Medieval Scholasticism - History of Philosophy

Medieval Scholasticism

The first scholastic and last Roman - Boethius (480-525). He was born after the wreck in 476 of the Western Roman Empire. In 493, Rome was conquered by the Ostrogoths. Their king Theodoric the Great (493-526) tried to create a kind of Gothic-Roman state, but in the final analysis he failed. In the mid-20's. VI century. the relationship between the Goths and the Romans became aggravated. First, the Ostrogoths were still lower in their social development; Secondly, the conflict between the Arian variety of Christianity accepted by the Goths (Christ-honored not so much in the image of God as in the image of the hero more understandable for the warlike characters) was deepened, and Roman Catholicism, leveling the Christ-Logos-Son born from God with born of the Creator-God-the-Father. Boethius, invited by Theodoric and occupying a high position in his entourage, was slandered, imprisoned, and then executed in this acute situation. In prison, he wrote the book "About Consolation by Philosophy".

Philosophy, emphasized Boethius, is the highest good for man; it empowers, enlightens his soul. Philosophy, allergically portrayed by Boethius, is a strict and domineering lady with difficult to determine age and height. The rigor of philosophy is symbolized by the fact that engaging it requires seriousness, work and discipline. The scepter in one hand symbolizes the leading mission of philosophy in life and science, the book in the other hand is a sign of enlightenment. The elusive age - the features of both antiquity and youth - a sign that philosophy is always relevant. Its growth, then ascending to heaven, then diminishing to human dimensions, means that it is a knowledge of the truths of the divine and the things of men; it is universal in both the subject and the method. Finally, her clothes give out both the high origin of philosophy, and the complex history of life. The garment is imperishable, as imperishable are those forms of thought and words in which philosophy expresses itself. The letters on her dress and the barely noticeable steps, starting from the letter P to the F & gt; & gt; say that philosophy has left the schools of Plato and Aristotle, where thought, theoretical life has always been put above the life of the practical. At the same time, her clothes are partially torn - this is because many unworthy people have repeatedly forged her fans, breaking off from her philosophy elements of her external attributes and remaining completely unrelated to her true inner nature.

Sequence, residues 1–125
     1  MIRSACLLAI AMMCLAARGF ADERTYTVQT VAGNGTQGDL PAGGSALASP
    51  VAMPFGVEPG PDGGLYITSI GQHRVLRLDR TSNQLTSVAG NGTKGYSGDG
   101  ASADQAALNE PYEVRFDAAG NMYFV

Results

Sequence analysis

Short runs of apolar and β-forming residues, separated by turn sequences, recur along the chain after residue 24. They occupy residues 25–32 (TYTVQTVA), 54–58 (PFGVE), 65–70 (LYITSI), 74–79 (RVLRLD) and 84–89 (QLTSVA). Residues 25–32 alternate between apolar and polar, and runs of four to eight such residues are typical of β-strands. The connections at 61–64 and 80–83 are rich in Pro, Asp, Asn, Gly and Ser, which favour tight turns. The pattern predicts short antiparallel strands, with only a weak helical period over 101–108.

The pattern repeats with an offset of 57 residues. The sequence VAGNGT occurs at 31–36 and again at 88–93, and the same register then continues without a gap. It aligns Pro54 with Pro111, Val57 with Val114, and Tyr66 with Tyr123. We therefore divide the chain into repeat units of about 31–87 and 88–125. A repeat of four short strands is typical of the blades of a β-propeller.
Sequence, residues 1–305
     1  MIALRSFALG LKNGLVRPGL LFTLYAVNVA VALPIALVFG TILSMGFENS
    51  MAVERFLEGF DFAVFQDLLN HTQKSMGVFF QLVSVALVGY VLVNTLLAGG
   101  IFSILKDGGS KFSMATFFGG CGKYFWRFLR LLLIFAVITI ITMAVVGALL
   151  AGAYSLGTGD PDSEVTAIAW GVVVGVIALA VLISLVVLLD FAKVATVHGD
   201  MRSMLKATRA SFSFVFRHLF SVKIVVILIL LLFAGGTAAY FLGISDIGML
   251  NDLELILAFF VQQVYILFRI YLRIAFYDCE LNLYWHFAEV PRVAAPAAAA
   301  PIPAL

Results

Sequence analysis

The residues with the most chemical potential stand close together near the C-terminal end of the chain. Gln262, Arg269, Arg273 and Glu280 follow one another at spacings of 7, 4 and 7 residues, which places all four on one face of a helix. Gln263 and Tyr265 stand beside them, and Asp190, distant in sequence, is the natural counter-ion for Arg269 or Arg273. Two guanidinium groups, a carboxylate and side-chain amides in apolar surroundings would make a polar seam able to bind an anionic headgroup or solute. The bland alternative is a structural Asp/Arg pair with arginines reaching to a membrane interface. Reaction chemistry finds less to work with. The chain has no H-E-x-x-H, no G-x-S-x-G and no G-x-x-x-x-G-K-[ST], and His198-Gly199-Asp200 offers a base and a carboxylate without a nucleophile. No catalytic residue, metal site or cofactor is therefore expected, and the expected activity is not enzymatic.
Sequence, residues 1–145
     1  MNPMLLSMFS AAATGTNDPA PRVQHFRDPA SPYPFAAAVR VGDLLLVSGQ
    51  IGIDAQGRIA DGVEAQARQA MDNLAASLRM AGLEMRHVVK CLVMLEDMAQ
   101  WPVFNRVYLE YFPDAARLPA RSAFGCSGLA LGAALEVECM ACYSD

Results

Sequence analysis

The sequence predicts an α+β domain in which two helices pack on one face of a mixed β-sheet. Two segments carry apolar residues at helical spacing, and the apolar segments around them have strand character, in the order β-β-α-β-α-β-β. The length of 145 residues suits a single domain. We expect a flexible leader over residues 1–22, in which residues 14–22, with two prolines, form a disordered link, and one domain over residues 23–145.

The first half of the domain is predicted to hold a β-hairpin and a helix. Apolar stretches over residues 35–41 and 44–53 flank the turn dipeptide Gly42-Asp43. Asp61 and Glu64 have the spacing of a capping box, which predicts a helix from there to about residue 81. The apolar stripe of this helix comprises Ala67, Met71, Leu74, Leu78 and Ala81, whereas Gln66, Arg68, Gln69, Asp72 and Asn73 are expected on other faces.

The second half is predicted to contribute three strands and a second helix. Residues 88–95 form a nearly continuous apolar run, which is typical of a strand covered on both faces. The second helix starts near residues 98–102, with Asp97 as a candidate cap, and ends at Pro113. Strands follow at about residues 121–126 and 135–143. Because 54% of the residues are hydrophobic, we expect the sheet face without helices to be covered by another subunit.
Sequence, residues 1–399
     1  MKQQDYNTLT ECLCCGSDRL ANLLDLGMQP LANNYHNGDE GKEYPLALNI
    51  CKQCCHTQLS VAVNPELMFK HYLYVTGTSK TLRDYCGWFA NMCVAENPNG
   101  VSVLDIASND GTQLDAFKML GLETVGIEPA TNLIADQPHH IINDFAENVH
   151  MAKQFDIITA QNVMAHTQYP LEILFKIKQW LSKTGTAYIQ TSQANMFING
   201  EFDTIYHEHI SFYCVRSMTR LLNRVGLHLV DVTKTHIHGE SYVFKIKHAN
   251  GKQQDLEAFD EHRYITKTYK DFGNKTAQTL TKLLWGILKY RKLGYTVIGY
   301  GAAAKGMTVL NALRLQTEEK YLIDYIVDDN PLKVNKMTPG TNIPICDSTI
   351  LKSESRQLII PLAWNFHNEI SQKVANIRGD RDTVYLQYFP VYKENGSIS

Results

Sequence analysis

The central problem of the book of Boethius is the problem of fate , which acts in the form of Fortune, then in the form of fate. Boethius proposes to treat Fortune - accidental happiness or misfortune - calmly, not too rejoice when we are lucky, and do not lose heart when not lucky, always remember that changeability is the essence and nature of Fortune. If Fortune obeyed the constancy and the law, it would cease to be itself, for the Latin word "Fortuna" is derived from forte & quot ;, which means accidentally & quot ;, accidentally & quot ;, can be (it may not be). That is why for a long time Fortuna was depicted standing on the ball (as a sign of its instability), and its symbol is a rotating wheel that carries the rim points up and down. At the same time, Boethius believes that people should be more grateful to Fortune for turning away from them than favoring them. Luck, which has become a habit, relaxes, which makes the change of Fortune especially painful. On the contrary, the tests temper and make an unexpected turn of fortune for the better especially pleasant.